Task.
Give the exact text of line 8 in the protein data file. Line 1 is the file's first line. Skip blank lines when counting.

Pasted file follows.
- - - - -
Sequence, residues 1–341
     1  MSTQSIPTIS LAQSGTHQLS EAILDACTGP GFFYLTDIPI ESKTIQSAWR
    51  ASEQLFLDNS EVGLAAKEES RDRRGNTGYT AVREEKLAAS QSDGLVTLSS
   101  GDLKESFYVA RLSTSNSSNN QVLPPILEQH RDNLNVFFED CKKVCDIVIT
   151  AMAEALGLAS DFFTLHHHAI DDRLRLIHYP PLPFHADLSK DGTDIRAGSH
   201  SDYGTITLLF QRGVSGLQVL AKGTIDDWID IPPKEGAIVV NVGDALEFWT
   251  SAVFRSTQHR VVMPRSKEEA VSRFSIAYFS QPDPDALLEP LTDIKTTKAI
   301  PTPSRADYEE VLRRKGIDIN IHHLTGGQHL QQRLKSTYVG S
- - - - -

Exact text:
   301  PTPSRADYEE VLRRKGIDIN IHHLTGGQHL QQRLKSTYVG S